While the NJ League of Municipalities convention is perceived as a week of parties, drinking and gambling for public officials and the vendors who solicit their business, this is the furthest from the truth. In reality, this annual event is a mix between a trade show for vendors and an educational opportunity that is especially beneficial for newly elected public officials.
There are parties for sure, and a small number of attendees do tend to mistake the week in Atlantic City for a short vacation which is usually what gets reported by the press. So for those vendors who stay current in municipal law and trends, and have graduated to picking the municipalities they work for rather than being picked by them, the risk of being mentioned in the news reports is a good reason for them/us not to attend.
However, for almost 20,000 people who are expected to attend this year’s convention, the 98th annual league conference this week is a good place to learn and to refresh what you know about government in a relatively short period of time.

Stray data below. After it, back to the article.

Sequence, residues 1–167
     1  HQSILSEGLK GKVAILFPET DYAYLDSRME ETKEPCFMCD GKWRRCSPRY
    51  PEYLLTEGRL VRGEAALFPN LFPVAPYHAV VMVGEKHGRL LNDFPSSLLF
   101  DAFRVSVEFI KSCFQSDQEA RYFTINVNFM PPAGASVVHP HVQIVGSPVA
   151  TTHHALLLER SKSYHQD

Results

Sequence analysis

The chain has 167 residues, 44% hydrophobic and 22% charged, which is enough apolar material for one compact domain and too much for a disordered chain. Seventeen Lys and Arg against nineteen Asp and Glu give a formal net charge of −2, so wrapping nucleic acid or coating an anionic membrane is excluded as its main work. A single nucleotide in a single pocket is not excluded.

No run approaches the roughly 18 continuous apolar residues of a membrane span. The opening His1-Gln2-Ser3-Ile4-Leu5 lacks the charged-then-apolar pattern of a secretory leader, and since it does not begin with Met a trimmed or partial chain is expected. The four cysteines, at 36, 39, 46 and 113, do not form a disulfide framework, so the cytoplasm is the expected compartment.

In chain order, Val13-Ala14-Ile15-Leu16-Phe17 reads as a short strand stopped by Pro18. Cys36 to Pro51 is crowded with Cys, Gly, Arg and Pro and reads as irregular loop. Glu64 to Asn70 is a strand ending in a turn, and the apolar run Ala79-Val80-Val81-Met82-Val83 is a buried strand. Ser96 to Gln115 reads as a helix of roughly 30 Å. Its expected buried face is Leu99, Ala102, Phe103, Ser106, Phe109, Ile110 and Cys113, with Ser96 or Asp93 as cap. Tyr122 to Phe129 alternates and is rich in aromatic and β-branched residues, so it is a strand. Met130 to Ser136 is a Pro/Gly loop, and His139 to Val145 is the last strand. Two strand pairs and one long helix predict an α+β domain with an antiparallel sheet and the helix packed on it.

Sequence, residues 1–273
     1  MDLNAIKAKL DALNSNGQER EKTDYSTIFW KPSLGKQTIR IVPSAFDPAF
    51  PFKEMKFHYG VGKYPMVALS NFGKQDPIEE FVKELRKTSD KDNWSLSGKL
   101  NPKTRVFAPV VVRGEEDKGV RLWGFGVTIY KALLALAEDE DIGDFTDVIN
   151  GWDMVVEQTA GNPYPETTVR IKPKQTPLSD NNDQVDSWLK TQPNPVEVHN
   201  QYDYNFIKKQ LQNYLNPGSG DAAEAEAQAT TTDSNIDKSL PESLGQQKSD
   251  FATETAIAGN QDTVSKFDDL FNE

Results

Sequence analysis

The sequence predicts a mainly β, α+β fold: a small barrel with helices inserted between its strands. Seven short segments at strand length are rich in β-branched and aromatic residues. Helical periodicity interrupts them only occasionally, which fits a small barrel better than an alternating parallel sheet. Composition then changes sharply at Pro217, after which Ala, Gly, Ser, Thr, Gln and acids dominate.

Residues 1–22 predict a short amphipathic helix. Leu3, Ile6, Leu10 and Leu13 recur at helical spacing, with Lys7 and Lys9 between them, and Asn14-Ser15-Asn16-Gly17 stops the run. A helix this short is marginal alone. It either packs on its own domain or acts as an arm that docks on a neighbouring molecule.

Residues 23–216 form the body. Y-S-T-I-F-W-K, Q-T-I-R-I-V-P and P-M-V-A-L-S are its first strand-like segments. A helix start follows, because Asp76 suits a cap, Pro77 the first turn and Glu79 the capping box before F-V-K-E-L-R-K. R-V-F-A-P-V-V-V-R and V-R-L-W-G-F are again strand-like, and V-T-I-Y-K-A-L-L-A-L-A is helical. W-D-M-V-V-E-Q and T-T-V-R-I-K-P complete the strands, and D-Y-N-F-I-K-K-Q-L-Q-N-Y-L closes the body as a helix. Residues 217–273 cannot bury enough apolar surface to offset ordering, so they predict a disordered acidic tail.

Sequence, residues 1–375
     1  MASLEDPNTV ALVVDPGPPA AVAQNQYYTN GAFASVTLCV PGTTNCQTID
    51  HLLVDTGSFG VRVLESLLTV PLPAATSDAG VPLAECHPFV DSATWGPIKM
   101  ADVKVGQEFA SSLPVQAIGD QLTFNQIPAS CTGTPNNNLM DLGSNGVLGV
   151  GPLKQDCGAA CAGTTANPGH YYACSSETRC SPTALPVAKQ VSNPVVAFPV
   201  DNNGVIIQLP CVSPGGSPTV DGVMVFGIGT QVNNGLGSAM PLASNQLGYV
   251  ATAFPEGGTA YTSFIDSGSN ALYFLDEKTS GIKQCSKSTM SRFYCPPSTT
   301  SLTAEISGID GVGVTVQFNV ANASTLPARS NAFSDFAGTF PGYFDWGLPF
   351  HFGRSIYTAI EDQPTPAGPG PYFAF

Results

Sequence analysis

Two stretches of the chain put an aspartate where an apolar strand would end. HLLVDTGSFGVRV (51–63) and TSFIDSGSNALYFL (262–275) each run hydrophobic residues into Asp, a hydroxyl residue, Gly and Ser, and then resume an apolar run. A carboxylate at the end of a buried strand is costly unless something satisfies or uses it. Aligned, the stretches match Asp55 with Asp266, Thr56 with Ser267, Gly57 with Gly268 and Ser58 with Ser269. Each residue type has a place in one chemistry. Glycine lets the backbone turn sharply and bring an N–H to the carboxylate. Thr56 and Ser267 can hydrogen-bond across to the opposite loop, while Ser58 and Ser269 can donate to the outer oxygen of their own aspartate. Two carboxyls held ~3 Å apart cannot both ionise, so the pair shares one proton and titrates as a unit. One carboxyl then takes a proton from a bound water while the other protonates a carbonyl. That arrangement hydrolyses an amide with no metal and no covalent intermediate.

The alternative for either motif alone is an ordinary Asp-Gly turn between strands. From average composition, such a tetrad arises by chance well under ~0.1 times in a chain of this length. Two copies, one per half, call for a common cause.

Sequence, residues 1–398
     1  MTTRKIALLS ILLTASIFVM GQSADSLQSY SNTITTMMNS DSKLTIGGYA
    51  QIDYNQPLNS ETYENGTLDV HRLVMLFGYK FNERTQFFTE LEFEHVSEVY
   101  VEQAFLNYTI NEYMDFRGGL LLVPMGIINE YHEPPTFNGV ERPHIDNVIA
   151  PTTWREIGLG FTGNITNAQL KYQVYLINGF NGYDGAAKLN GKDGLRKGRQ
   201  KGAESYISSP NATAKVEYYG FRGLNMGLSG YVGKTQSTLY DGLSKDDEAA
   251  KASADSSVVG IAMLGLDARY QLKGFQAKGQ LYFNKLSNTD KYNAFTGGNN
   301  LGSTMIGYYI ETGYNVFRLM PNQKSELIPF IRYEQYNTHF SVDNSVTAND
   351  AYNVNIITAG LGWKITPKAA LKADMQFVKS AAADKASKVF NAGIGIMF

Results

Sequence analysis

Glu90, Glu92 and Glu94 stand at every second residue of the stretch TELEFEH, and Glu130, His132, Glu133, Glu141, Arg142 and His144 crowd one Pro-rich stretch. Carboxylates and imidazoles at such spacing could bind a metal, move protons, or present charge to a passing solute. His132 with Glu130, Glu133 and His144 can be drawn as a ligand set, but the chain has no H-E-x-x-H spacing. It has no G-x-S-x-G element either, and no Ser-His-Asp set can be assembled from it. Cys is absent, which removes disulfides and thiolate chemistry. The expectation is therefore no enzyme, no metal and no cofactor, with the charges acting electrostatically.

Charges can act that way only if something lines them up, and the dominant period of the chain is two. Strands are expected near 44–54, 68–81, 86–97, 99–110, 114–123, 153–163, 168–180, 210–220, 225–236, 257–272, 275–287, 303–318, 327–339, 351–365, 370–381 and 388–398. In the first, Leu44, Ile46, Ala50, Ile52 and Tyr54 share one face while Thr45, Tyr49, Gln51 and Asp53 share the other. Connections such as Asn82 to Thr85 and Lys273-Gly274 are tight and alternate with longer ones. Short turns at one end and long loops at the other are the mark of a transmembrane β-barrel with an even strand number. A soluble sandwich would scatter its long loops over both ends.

Last year’s conference was cancelled in the wake of Hurricane Sandy, which struck a week before the scheduled event. Fittingly, the theme of this year’s three-day event is “Navigating Recovery and Renewal.” In addition to storm recovery efforts, other topics that are being covered this year include affordable housing, healthcare reform, and new energy technologies.
For those unfamiliar with the New Jersey State League of Municipalities and its work, the organization traces its roots back to 1915. The organization was created by state statute and is funded by tax revenue. All of the state’s 565 municipalities are members of the League, which also provides services to 560 mayors and 13,000 elected and appointed officials.
The New Jersey State League of Municipalities’ current headquarters in Trenton reflects not only its commitment to promoting New Jersey’s future, but also celebrating its rich tradition. The organization purchased the Ferdinand W. Roebling Sr. Mansion, which had fallen into disrepair and been condemned by the city. Through great time and expense, the League was able to restore the historic building to its former glory and add to the revitalization of the area.
While the annual conference is its showcase event, the New Jersey State League of Municipalities provides a wide range of services, from legal advocacy to educational training. In the past month, it provided issue alerts on same-sex marriage in New Jersey, cybersecurity, and an appellate decision regarding sand dune restoration. The League’s magazine, New Jersey Municipalities, reaches 8,500 subscribers every month.